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Pr. William chief questions federal immigration policy

Prince William County Police Chief Charlie T. Deane has sent a letter to the Department of Homeland Security questioning a policy that allows illegal immigrants waiting for deportation proceedings to get a permit to work.

The Aug. 30 letter sent to John T. Morton, assistant secretary of homeland security, was sparked by a recent drunk-driving accident in which a Bolivian man, Carlos A Martinelly-Montano, crashed into another vehicle, killing one nun and injuring two others. Martinelly-Montano, who entered the United States illegally when he was 8, was awaiting a deportation hearing after two convictions for drunken driving.

Deane said Martinelly-Mantano was granted an Employment Authorization Card on Jan. 14, 2009, just months after being placed in deportation proceedings. In the letter, Deane said he has concerns with a policy that allows an EAC to be issued to someone waiting to be deported. "I ask that this glaring gap in DHS policy be ended," he said.

Deane said investigations show Martinelly-Mantano used his EAC to show legal presence and obtain a Virginia Department of Motor Vehicles identification card.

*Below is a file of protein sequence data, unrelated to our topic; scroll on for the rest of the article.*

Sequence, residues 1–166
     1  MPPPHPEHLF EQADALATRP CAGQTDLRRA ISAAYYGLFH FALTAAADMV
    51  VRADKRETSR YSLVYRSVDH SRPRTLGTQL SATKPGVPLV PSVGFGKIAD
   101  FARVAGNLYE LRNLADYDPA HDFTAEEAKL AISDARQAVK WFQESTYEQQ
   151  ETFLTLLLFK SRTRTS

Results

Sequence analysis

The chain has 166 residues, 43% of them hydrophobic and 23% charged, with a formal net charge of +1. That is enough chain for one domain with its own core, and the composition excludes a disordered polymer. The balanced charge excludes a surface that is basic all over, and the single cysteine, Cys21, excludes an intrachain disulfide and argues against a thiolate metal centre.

Deane said he has concerns that DMV documents issued based on EACs can be misleading and result in illegal immigrants inappropriately being released back into the community when processed by law enforcement officials. Deane said he would like the practice of issuing EACs to be "reconsidered and corrected."

By Jennifer Buske  |  September 3, 2010; 3:51 PM ET
Categories:  Jennifer Buske  
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Last fall my brother was on route 1 in New Jersey coming home from a trip to the vet with his beloved golden retriever. A drunk who blew a .20 ran a red light at an estimated 50 miles per hour and rolled my brother's SUV a number of times. This was not this gentleman's first, nor his second, nor his third, nor his forth, nor his fifth, but the sixth time he was be involved in an accident while driving under the influence. He is also an illegal immigrant. He has not served a day in jail, he obviously has not been deported and he is still driving. How can that be? His family and a so-called immigrant rights organization hired a lawyer who has thus far successfully argued that it would be hardship on his family to deport him, it would be a hardship on his family to put him in jail, and the lawyer has been successful in keeping him out of jail and in this country. As I said, his sixth DUI has not slowed him down and he is still driving. This is simply wrong. Fortunately, my brother was not too badly hurt - some broken ribs and a lot of bruises - and his dog was quite shaken but basically unhurt. I am almost certainly biased, but allowing illegal immigrants who have been convicted of DUI to stay in this country is wrong.